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Transportation

Transit Oriented Development Revitalizes Chicago Neighborhood

"In development work, there is no such thing as a cookie cutter,” says Trinette Britt-Reid, a consultant at Bethel New Life, a faith-based community development corporation in Garfield Park on Chicago’s West Side. Garfield Park is an older urban community within the Chicago Empowerment Zone, an area torn by riots in the 1960s and weakened by decades of declining population, abandoned properties, poverty, crime, and drugs.

For more than 20 years, Bethel has executed a variety of community development projects in this neighborhood—affordable housing, commercial industrial development, employment services—and also brought in health and human services, including daycare. Since the mid-1990s, acting with several partners in the public and private sectors, Bethel has taken a transit-oriented development approach, building on an unexpected neighborhood asset: an elevated train stop (or “the El,” as Chicagoans call their venerable rail transit system). Bethel wants to make the El station an anchor for area revitalization efforts.

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Federal Money--Local Jobs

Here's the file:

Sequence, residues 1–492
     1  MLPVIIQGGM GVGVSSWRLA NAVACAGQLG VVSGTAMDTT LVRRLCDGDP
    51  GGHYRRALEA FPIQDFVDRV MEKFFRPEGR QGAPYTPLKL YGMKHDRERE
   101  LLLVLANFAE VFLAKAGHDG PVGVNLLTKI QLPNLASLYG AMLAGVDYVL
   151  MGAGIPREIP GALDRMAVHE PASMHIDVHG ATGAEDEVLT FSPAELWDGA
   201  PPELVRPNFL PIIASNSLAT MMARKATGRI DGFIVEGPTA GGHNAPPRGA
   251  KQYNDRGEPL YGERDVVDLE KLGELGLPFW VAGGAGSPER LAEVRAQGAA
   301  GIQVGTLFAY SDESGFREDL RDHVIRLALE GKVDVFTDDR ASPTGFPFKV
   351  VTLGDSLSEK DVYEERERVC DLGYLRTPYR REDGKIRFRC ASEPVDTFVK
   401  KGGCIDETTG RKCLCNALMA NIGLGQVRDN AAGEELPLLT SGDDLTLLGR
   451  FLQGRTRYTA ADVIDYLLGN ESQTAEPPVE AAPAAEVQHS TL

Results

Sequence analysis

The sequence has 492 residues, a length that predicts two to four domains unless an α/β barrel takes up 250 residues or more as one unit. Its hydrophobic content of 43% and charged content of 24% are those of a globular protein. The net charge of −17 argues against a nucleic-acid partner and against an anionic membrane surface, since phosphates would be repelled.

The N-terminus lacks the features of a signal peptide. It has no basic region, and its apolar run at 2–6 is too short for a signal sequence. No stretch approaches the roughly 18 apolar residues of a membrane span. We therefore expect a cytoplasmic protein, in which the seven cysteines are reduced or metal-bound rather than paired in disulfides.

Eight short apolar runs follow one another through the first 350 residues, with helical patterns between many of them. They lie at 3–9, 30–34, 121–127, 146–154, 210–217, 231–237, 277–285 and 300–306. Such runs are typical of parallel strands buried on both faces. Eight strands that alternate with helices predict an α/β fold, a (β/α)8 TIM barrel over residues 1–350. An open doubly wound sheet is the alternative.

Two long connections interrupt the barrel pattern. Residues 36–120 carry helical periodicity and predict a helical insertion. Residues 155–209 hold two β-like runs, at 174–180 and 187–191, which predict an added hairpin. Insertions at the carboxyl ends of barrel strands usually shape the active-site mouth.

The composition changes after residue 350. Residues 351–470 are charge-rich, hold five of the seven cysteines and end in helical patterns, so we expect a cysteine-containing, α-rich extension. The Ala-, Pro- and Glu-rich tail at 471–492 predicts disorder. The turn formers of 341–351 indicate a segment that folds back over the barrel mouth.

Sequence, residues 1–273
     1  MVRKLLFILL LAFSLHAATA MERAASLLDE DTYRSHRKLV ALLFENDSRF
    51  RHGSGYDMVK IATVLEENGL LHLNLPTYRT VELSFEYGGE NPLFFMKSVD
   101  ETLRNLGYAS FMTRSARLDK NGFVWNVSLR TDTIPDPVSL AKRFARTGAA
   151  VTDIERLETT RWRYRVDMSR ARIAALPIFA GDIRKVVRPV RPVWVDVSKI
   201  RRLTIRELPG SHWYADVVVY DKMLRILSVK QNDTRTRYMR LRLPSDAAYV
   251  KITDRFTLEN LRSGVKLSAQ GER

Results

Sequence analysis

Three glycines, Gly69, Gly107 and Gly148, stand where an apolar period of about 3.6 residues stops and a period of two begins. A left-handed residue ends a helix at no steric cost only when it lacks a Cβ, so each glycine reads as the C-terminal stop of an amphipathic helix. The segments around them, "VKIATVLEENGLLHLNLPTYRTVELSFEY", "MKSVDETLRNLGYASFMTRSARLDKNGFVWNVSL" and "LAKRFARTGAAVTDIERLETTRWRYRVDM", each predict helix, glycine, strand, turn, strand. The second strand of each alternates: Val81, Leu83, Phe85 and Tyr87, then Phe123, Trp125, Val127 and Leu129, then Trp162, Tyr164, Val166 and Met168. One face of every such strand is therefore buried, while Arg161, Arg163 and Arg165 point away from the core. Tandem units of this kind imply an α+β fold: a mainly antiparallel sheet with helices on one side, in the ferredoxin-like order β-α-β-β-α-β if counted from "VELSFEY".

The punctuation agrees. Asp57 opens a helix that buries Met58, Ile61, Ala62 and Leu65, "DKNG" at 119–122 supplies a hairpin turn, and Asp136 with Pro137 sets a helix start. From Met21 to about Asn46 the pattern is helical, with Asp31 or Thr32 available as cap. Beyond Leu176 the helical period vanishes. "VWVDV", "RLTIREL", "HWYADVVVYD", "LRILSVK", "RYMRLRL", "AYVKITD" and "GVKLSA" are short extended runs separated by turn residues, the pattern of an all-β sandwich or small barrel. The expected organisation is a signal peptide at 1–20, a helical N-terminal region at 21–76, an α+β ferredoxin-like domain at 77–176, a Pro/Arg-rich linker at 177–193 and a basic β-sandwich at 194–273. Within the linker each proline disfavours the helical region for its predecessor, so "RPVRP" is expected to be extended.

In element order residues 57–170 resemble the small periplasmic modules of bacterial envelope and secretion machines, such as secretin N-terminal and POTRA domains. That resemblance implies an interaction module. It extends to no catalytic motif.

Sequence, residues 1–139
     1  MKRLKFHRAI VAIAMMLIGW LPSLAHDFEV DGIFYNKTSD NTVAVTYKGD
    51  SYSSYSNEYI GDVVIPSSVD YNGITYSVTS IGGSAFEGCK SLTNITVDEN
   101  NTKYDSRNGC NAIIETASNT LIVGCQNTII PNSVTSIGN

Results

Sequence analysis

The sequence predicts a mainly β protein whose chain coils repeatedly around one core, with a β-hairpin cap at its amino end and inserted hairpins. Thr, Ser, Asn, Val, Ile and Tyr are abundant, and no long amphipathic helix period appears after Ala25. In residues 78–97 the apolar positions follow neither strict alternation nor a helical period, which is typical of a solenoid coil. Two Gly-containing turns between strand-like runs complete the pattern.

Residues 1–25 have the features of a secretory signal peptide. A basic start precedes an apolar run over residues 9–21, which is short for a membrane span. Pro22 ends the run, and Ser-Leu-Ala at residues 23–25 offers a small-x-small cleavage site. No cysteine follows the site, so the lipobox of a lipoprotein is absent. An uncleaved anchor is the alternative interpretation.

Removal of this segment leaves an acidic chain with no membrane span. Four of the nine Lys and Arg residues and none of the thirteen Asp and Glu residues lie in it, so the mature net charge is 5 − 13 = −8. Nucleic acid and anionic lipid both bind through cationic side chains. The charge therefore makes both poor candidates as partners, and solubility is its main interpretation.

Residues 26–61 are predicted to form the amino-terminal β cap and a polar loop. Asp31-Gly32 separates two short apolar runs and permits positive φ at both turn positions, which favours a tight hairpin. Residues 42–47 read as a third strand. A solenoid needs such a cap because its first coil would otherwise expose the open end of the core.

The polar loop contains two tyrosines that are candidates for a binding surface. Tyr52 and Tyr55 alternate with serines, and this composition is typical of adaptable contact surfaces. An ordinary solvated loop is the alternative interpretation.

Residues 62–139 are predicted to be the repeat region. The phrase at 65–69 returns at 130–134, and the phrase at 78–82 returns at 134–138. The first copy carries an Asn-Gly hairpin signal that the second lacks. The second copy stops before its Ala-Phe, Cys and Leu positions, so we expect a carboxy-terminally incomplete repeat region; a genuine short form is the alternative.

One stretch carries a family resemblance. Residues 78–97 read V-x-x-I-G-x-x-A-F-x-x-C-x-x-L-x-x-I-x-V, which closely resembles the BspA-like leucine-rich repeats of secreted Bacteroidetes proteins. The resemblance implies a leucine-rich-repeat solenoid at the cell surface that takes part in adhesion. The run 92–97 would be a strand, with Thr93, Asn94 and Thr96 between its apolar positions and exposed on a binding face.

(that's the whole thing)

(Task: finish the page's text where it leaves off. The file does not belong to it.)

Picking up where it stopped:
The local hiring language in SAFETEA-LU was championed jointly by the Transportation Equity Network, the Gamaliel Foundation, Representatives Millender-McDonald and Costello, and Senators Bond and Obama. The new law directs the U.S. Department of Transportation to let communities create their own agreements around local and minority hiring.  This allows communities to create local jobs by directly accessing the $286 billion SAFETEA-LU funds. Benefits of Local Hiring Agreements:

  • Local communities have more control over how their tax money is spent. 
  • Residents around highway and transit projects get access to the living wage jobs that these massive projects create. 
  • Welfare, jail, and other poverty-related costs to the community are reduced because more residents have living wage jobs. 
  • Job benefits are more equitably distributed throughout the region, rather than being concentrated in a few high-growth suburban corridors.
  • The unemployed, underemployed, and people of color are given the opportunity to move into construction careers. 

Community groups can pass their own local hiring ordinances on highway and transit money at the city council, county council, or state legislative levels. They should identify their best partners and create a strategy that moves toward a regional agreement.

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